|Bonnie Chiu from Hong Kong|
The scholar from Lebanon, Mirna Abou Zeid, told the audience that administrative power is divided between three main sects in her country, which influences the media system and ownership. The president is always a Christian Maronite, the Prime Minister is always a Sunni Muslim and the speaker of the Parliament is a Shia Muslim, she said. While enlightening on the media in Lebanon, Mirna explained that there is a limit of 25 on newspaper licenses, out of which 11 licenses have to be given to Arabic newspapers. Political parties are not allowed to own media but it is still covertly controlled by the politicians. Newspapers engage in self-censorship, however, there is no distinction between facts and opinions.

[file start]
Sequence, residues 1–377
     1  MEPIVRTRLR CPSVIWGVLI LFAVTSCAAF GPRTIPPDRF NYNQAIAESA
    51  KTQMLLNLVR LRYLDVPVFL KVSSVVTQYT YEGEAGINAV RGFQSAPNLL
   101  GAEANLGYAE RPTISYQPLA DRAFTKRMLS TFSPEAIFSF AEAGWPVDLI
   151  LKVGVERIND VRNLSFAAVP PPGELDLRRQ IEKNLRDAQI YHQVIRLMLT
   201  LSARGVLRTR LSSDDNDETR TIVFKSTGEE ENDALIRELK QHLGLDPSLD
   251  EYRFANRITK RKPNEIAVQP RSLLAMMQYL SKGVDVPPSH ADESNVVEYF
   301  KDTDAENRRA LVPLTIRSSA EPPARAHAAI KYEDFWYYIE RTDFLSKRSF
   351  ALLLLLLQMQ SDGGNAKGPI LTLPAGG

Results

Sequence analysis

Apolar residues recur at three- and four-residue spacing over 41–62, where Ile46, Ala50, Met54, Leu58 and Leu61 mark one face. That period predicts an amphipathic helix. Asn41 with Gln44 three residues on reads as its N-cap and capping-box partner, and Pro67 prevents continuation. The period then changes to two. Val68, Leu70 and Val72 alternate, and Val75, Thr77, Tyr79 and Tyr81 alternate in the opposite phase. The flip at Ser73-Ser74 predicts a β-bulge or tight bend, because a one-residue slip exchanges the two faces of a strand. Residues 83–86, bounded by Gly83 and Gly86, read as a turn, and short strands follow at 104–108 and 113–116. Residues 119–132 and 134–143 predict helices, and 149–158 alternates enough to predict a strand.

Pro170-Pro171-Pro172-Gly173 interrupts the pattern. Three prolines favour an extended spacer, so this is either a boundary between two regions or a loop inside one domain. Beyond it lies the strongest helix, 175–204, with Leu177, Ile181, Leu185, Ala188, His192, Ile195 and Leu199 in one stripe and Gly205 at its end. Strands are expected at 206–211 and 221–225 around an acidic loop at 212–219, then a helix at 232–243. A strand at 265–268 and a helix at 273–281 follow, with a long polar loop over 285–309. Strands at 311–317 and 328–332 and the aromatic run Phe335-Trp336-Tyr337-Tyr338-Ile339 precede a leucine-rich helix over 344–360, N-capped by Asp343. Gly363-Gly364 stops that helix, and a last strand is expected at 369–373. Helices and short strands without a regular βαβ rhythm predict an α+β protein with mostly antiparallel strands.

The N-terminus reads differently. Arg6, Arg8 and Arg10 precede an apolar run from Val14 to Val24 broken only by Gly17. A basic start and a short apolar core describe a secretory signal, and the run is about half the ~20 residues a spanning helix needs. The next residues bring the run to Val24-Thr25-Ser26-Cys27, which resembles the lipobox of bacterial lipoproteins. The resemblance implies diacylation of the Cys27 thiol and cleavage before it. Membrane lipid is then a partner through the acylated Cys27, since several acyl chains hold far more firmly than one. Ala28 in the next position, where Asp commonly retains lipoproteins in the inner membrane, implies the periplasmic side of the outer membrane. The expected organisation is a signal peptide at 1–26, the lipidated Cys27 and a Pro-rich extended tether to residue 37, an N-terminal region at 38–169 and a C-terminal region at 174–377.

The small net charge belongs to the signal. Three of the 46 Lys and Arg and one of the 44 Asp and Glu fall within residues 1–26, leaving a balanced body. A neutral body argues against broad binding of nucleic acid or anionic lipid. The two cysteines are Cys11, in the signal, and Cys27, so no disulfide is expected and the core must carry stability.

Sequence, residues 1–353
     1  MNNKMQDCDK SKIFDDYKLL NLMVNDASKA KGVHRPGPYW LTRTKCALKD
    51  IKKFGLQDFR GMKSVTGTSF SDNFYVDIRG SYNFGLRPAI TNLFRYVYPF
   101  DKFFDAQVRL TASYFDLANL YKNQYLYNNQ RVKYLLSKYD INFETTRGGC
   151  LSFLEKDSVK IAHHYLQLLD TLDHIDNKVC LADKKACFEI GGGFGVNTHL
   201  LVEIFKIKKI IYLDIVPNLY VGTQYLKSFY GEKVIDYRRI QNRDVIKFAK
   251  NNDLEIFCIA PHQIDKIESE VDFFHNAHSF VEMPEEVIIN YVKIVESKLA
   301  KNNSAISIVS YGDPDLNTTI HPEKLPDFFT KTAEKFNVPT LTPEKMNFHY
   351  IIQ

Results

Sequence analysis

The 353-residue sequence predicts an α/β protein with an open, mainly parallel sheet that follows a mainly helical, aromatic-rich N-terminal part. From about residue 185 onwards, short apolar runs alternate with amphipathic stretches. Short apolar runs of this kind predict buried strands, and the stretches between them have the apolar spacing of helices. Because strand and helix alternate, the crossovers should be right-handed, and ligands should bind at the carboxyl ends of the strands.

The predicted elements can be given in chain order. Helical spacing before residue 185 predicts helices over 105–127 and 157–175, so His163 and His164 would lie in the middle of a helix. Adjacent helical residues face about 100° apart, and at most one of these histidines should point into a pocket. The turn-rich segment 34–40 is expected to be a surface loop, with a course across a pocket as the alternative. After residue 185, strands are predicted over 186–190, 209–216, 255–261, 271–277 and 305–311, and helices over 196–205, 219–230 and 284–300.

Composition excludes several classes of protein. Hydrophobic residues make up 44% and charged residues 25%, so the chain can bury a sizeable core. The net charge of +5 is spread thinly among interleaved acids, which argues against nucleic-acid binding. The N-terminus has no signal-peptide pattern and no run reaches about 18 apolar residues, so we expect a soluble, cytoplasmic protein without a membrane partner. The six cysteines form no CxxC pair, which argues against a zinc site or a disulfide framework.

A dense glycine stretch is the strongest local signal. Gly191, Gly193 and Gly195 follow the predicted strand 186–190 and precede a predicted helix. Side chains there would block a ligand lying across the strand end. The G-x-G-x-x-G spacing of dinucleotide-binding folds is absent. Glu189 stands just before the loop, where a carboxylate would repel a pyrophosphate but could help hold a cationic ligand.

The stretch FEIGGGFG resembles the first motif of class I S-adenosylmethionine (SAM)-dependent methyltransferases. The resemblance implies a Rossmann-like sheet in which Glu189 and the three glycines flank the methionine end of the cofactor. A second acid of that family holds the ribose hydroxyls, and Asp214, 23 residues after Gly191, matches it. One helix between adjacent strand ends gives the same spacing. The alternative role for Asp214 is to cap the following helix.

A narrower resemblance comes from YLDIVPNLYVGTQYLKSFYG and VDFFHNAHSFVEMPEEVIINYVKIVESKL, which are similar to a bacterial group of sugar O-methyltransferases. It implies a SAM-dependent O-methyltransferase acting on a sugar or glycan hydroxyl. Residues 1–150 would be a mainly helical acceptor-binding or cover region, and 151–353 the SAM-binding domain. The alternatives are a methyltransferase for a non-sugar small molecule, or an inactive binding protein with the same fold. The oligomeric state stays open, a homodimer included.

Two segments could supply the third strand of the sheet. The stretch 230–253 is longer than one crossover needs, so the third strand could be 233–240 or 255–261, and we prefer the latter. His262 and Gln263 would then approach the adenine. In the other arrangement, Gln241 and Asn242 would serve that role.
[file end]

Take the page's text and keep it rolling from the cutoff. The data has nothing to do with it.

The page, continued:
Talking about the influence of Russia on the media in her country, Kyrgyzstani scholar, Nargiza Ryskulova, said that there are innumerable Russian channels which have helped form a pro-Russian opinion. Kyrgyzstan press is not free and is divided into two major languages: Russian and Kyrgyz. The media are in a transitional state in the country and Nargiza hopes that with new technology, it will soon move towards being liberal.